San Francisco Symphony
Michael Tilson Thomas
Reviewed by: Lewis M. Smoley
Reviewed: 19 November, 2014
Venue: Stern Auditorium, Carnegie Hall, New York City
Mahler’s Seventh Symphony has long been his most misunderstood work. Both scholars and critics, refusing to accept the unifying musical elements in the work as sufficient to warrant considering the Symphony a well-structured whole, have criticized it as incohesive and lacking in a conception that would unify its diverse movements. In an attempt to find such a connective, the concept of ‘night’ has been used as the ‘subject’ of the Symphony, extrapolated from its two “Nachtmusik” movements, a few off-hand comments by the composer that suggest the influence of Rembrandt’s Night Watch and, further, his characterization of the finale as the advent of bright day.
Based mainly upon such skimpy evidence, the Seventh was even given the unofficial subtitle “Song of the Night”. But when one listens to the Symphony without projecting a night-theme upon it, too many contradictions and anomalies arise to justify ‘night’ as a unifying element. The first two movements contains too much bright and overtly demonstrative music to fit that image, although the first subject of the middle-movement scherzo has a mystery that might well conjure up an eerie scene, the carefree waltz theme that follows hardly qualifies as ‘night’ music.
In fact, as uncharacteristic of Mahler’s image as it may seem, it is his wry, droll and sometimes hilarious humor that pervades the Symphony. Replete with puns and witticisms that often mimic the music of other composers, such as Wagner, Haydn and Lehár, as well as Mahler himself, the Seventh may well have been an antidote to the tragic character of the Sixth.
From the shadowy opening with its shuddering rhythmic figure, which accompanies the strangely distorted theme played by the rarely-used tenor horn, to the mimetic rendition of Wagner’s Meistersinger march-theme in the finale, Mahler’s Seventh should elicit some wry smiles and a chuckle or two on the way to its rousing conclusion.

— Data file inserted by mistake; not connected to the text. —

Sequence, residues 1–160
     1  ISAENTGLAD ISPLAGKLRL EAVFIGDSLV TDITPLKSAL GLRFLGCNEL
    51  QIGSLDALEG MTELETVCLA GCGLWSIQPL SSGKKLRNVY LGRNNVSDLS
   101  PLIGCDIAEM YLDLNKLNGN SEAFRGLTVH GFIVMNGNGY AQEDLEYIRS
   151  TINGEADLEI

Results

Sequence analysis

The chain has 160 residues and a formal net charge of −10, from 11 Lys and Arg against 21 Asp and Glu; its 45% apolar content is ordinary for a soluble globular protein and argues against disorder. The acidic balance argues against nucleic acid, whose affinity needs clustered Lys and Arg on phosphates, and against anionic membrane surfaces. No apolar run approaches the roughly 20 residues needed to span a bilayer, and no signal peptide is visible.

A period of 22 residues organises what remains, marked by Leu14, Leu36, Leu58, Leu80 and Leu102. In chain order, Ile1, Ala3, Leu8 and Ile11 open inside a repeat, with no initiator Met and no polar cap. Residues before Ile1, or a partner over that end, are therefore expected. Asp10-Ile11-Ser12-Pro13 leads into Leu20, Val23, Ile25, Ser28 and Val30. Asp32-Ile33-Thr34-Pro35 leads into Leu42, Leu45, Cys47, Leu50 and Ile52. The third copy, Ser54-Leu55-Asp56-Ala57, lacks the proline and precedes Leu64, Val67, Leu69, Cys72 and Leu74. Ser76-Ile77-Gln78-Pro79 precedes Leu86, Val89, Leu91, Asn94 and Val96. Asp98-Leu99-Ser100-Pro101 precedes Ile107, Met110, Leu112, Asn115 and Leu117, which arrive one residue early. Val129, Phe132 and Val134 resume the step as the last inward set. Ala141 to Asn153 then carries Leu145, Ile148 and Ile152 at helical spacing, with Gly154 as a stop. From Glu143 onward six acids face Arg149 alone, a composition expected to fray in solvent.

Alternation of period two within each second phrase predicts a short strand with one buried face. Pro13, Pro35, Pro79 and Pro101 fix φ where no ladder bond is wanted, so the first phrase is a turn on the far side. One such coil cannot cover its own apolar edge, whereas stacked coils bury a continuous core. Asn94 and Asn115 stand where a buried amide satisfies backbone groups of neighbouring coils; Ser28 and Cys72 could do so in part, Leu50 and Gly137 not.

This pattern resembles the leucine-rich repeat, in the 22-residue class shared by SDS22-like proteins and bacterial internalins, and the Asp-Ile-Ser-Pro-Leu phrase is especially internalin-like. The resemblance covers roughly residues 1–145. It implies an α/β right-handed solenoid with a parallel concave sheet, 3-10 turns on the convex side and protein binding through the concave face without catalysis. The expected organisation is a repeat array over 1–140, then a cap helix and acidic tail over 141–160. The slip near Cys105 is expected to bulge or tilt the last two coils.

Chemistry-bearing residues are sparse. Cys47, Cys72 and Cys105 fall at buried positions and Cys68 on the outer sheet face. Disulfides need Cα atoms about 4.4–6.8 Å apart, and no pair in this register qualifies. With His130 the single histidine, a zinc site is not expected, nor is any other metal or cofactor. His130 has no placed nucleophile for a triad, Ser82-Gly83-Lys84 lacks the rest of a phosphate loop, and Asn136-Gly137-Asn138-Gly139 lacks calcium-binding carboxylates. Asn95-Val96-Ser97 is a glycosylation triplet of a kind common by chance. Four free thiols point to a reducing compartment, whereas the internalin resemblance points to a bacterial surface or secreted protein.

Although the San Francisco Symphony played extremely well, a few miscues notwithstanding, Michael Tilson Thomas’s reading was too overwrought, emphatic and deliberate to bring out the humorous aspects. The performance began in fine fettle, with a splendid tenor-horn solo performed by Timothy Higgins, principal trombonist. But as the extended introduction moved toward the Allegro, MTT seemed intent on forcing each segment with so much emphasis that he seemed to be making some unfathomable argument about the music rather than interpreting it. Instead of gradually increasing the pace, he hurried into it five bars early, thus mangling the natural forward motion that Mahler clearly calls for. The vigorous first theme gives way to a sweeping second subject, virtually hurtling out its falling dotted rhythmic figure like a whipsaw. MTT imbued the highly stylized third theme, a caricature of romantic expressivity, with such effusive emotion as to make it sound excessively gushing. There were also awkward hesitations that undercut the fluidity of lyrical phrases; and a pervasive nervous energy. Although high-spirited and energetic, the music here seemed too attenuated and its various sections too segmented and uncoordinated.